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Afghan Agony

by Newsweek Pakistan

Issam Ahmed—AFP

There is little current chance of progress in ties between Kabul and Islamabad.

British National Security Adviser Mark Lyall Grant facilitated in London a meeting on Thursday, March 16, between Prime Minister Nawaz Sharif’s Adviser on Foreign Affairs Sartaj Aziz and Afghan National Security Adviser Haneef Atmar. And sources in the Pakistani High Commission in London say the meeting was “positive, productive and held in a cordial atmosphere” where “Pakistan raised the issue of Afghan-based groups involved in terrorist activities in the country, such as the recent attacks in Lahore and Sehwan.”

As the two neighbors stand today, little progress is expected. That is because both are prisoners of their narratives amid changing regional geopolitics. Kabul is a besieged capital with the Afghan Taliban attacking half of the country’s provinces at will and setting up a parallel government. The population of Afghanistan has lived without the coercive rule of the Taliban since 2001 and has tasted freedom, but factions fear Pakistan is the patron of their killers. Kabul draws some strength from two states—superpower America and regional power India—and its claim of Pakistan’s complicity in encouraging a Taliban state are valid in the eyes of the world. It doesn’t help that Pakistan defied the world by nursing a Taliban government-in-exile, the Quetta shura, in Balochistan for almost a decade.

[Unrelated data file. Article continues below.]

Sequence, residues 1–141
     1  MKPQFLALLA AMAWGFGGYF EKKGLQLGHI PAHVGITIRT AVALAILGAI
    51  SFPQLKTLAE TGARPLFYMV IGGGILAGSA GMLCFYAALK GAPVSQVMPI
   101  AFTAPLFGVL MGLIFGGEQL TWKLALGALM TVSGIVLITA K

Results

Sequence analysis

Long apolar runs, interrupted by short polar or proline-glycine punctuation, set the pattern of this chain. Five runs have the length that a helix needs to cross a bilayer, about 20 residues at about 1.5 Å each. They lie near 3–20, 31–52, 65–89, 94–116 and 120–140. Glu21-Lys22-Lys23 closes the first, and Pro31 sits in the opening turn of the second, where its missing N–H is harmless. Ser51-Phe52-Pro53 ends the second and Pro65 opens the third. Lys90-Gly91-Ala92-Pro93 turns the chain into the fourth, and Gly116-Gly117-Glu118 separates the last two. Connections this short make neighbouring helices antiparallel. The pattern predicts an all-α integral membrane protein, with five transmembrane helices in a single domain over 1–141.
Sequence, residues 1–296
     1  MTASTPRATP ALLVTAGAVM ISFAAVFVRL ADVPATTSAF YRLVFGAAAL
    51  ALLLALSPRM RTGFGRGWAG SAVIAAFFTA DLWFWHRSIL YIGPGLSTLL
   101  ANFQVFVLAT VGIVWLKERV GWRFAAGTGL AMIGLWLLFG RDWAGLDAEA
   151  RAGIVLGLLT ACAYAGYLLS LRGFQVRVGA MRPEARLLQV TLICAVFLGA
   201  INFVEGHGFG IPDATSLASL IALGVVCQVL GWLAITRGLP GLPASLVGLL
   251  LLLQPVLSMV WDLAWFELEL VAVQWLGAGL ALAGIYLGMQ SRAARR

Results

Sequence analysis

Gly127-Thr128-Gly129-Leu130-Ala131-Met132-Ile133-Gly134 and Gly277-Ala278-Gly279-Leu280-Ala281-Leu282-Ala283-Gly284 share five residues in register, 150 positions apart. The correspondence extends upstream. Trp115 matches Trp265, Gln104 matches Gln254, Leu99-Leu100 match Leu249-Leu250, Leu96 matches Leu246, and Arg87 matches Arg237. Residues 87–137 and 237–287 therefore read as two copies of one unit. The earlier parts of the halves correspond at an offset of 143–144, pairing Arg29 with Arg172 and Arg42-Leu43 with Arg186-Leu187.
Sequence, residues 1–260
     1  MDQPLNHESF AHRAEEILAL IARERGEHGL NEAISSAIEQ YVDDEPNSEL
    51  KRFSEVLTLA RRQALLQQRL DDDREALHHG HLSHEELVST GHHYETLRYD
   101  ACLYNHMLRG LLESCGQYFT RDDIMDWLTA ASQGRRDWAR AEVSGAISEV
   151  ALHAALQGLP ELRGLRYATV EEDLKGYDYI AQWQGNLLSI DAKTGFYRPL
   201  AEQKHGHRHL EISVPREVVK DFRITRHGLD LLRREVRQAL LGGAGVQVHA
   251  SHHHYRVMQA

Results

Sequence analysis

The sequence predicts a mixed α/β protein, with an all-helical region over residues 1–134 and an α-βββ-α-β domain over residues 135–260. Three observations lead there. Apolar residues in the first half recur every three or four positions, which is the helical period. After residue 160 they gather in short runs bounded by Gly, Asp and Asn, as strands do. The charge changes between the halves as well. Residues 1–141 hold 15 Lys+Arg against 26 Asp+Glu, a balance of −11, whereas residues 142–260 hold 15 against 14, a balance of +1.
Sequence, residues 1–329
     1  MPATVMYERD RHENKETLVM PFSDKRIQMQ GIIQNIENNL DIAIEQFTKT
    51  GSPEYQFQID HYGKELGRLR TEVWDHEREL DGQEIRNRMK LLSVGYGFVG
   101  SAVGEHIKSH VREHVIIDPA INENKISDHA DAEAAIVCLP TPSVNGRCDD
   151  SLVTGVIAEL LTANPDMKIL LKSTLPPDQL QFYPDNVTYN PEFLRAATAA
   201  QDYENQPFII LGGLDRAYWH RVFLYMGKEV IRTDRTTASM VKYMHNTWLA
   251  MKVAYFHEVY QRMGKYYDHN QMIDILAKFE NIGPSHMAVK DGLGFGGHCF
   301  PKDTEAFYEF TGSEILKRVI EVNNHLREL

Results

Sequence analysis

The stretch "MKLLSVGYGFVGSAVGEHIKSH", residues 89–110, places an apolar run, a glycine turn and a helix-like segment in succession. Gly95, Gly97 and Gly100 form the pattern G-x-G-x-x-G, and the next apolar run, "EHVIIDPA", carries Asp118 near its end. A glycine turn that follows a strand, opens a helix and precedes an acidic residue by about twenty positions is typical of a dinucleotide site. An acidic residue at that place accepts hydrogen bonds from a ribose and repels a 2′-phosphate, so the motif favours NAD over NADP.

The Afghans can’t fight the Taliban without outside help. They also unsuccessfully contend with the Pakistani Taliban hiding in Afghanistan and attacking inside Pakistan. Pakistan has been blinded by its strategic fix on India to comprehend the mistakes it has made in Afghanistan in the past, offending neighboring Iran as well. India’s “isolation” of Pakistan by linking up with Kabul and Tehran is “reactive” rather than active because of what Pakistan’s proxy warriors have done inside India in the past decades. Extra-regional powers remain engaged too, America directly on the side of Kabul, and China carefully neutral. Pakistan needs to adopt a soft policy of reconciliation in place of the hard one punishing the traders of both sides by closing the Pak-Afghan border.

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